2021.03.21 Homily

Readings and Gospel at USCCB

There’s an indie folk band out of England called ‘Daughter,’ and they have a music video for their song entitled “How,” which was released in 2016.

Strictly reading the lyrics, it seems to be a typical song of love and loss. But the video adds another dimension.

We see a woman, apparently suffering from some sort of agoraphobia, and maybe some OCD, afraid to leave her house: constantly testing the locks on her front door, and pacing the hallway.

Finally, she works up the courage, leaves her home, walks to the edge of town: a look of pure joy crossing her face as she sees the sky stretching into the distance before her.

Then the terror returns.

You see it in her eyes, and she runs back to her house, locks the door, returns to safety.


In our Gospel today, we are at the Last Supper, and Jesus is explaining to his Apostles that he must die, and in his death, salvation would be won.


In this and in other parts of the Gospel where Jesus predicts his death, the response of the Apostles and disciples is revulsion.

They don’t want to see their beloved teacher suffering, let alone murdered.


It is part of fallen human nature to seek security and comfort, and avoid suffering and pain.

But that is not the nature of God.


If a grain of wheat falls to the ground and dies, it produces much fruit.

Whoever hates their earthly life, will secure their heavenly life.

When Christ is lifted up in suffering and death, he draws everyone to himself.


In the tradition of our faith, we understand that we are one body in Christ, and when we each individually suffer, we suffer the crucifixion with Christ.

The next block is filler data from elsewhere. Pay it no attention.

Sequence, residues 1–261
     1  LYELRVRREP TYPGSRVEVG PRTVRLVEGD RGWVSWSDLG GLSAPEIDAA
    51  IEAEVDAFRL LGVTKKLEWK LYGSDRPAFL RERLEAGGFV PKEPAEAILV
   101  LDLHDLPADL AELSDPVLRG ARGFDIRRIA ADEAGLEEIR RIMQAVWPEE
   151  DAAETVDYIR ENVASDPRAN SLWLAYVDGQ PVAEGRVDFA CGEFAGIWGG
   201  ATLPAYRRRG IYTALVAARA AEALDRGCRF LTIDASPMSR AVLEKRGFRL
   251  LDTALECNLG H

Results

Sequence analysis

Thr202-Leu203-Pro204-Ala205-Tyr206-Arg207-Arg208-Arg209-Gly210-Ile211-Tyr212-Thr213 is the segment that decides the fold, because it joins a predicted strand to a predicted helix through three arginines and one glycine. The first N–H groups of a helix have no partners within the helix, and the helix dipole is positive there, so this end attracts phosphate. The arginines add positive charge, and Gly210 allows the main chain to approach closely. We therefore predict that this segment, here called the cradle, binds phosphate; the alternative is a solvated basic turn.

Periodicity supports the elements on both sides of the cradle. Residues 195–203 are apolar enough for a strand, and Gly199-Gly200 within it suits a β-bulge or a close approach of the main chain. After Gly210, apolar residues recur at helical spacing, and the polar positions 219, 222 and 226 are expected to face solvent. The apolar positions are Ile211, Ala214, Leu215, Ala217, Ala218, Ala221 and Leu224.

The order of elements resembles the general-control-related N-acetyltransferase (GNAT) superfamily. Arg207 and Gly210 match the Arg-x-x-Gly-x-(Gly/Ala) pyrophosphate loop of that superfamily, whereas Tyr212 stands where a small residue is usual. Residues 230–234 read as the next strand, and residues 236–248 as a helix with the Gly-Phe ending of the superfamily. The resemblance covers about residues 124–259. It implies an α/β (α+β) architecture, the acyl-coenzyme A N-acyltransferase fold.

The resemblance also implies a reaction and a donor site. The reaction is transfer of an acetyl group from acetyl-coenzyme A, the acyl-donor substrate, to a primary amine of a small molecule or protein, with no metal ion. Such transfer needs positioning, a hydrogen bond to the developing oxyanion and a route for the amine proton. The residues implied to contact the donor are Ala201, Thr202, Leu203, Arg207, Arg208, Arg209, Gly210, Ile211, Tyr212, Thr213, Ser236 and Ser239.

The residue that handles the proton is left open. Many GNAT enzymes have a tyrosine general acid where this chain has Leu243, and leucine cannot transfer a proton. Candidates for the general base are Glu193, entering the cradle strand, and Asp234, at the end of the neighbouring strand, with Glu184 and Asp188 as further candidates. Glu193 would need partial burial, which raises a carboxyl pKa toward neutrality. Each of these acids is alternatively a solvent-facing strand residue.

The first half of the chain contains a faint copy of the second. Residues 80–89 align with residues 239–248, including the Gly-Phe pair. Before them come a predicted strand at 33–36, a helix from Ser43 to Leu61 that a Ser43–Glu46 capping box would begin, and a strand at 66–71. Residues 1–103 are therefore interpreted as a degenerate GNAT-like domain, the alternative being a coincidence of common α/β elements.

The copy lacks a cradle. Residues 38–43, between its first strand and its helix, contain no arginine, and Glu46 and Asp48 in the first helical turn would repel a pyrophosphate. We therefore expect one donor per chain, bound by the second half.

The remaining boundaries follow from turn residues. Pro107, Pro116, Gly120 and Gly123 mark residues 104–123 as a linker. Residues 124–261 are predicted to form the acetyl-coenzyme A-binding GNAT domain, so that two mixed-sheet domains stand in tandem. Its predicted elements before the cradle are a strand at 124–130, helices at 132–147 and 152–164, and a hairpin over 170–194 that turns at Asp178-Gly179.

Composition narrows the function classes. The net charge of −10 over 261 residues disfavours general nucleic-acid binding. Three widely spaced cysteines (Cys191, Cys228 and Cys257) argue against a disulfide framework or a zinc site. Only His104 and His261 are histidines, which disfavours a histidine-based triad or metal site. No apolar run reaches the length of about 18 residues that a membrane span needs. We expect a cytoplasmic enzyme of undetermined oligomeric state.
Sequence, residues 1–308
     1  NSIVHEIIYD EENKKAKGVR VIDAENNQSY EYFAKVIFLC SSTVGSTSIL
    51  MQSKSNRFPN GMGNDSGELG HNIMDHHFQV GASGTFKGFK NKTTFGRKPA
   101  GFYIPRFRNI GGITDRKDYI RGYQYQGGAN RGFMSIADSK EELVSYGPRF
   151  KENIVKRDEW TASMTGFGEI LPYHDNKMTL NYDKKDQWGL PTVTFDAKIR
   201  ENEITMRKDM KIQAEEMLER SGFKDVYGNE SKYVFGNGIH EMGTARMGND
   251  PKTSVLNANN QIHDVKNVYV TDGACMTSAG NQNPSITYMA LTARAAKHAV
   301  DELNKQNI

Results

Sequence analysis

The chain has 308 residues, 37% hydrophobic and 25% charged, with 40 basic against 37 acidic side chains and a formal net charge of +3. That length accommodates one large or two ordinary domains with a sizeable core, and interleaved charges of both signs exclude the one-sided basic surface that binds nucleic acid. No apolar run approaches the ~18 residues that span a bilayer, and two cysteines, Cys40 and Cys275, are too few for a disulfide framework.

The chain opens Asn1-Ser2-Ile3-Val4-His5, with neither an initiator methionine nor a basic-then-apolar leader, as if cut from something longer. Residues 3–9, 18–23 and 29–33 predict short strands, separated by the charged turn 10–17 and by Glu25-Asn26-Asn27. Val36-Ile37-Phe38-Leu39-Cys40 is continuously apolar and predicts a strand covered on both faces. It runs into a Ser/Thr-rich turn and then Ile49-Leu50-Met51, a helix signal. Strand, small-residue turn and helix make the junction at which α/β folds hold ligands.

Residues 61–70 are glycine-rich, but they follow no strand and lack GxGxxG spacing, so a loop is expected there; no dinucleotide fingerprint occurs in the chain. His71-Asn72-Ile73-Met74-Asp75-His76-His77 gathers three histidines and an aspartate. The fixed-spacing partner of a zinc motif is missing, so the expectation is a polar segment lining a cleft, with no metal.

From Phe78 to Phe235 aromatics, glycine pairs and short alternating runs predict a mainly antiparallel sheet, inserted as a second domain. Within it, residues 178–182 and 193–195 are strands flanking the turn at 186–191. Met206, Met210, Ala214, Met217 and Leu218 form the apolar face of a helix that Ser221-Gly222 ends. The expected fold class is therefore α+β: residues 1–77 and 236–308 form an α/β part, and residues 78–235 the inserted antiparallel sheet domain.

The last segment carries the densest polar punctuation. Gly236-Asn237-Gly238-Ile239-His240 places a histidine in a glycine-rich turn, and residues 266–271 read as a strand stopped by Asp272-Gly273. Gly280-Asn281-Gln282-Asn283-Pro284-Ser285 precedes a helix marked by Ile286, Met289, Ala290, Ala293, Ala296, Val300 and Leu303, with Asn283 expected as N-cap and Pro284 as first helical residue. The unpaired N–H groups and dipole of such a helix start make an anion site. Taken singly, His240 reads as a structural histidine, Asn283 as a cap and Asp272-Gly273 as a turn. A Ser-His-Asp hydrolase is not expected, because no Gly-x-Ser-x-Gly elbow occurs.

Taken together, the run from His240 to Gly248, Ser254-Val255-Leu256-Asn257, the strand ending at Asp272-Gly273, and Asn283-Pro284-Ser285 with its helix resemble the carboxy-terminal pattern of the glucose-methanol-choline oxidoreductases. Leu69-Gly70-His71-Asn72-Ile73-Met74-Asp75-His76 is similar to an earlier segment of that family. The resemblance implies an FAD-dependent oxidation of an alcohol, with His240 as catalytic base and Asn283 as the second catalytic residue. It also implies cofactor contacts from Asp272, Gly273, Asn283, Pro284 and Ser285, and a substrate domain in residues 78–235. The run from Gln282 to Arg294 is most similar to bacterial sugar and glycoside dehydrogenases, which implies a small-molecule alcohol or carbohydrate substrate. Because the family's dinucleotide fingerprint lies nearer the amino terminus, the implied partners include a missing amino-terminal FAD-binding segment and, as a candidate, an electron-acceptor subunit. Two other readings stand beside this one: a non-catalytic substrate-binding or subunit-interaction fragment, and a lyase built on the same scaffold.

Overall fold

We were not made for comfort, we were made for greatness.

Part of our journey to Christian perfection, is learning to see suffering, the way God sees it: as the crucible where growth and development happens for us, and salvation is expressed, to the world.


Now I need to make a clarification:

There is glory and goodness to be obtained when suffering, but suffering itself is not a good to be sought out.

Plenty will come to you without you looking for it.


But when it arrives, look for the good God plans to accomplish through it:

Look to the saints, to see the lessons they learned in difficult times.

Look to the martyrs, to see the people they brought to Christ in going bravely and joyfully to their deaths.

Look to Christ, who when he was raised on the cross, drew all humanity to himself.

En Español

Lecturas y Evangelio en la USCCB

En nuestro Evangelio de hoy, estamos en la Última Cena, y Jesús les está explicando a sus Apóstoles que debe morir, y en su muerte, se ganaría la salvación.


En esta y otras partes del Evangelio donde Jesús predice su muerte, la respuesta de los Apóstoles y discípulos es de repulsión.

No quieren ver a su amada maestra sufriendo y asesinada.


Es parte de la naturaleza humana caída buscar seguridad y consuelo, y evitar el sufrimiento y el dolor.

Pero esa no es la naturaleza de Dios.


Si un grano de trigo cae al suelo y muere, da mucho fruto.

Quien odie su vida terrenal, asegurará su vida celestial.

Cuando Cristo es levantado en sufrimiento y muerte, atrae a todos hacia él.


En la tradición de nuestra fe, entendemos que somos un cuerpo en Cristo, y cuando cada uno de nosotros sufre individualmente, sufrimos la crucifixión con Cristo.

No fuimos hechos para la comodidad, fuimos hechos para la grandeza.

Parte de nuestro viaje hacia la perfección cristiana es aprender a ver el sufrimiento de la forma en que Dios lo ve: como el lugar donde ocurre el crecimiento y el desarrollo para nosotros, y se expresa la salvación, para el mundo.


Sin embargo, necesito hacer una aclaración:

Se puede obtener gloria y bondad cuando se sufre, pero el sufrimiento en sí no es algo que se deba buscar.

Mucho vendrá a ti sin que lo busques.


Pero cuando llegue, busque el buen Dios que planea lograr a través de él:

Mire a los santos para ver las lecciones que aprendieron en tiempos difíciles.

Mire a los mártires, para ver a las personas que llevaron a Cristo yendo con valentía y alegría a la muerte.

Mire a Cristo, que cuando fue resucitado en la cruz, atrajo hacia sí a toda la humanidad.

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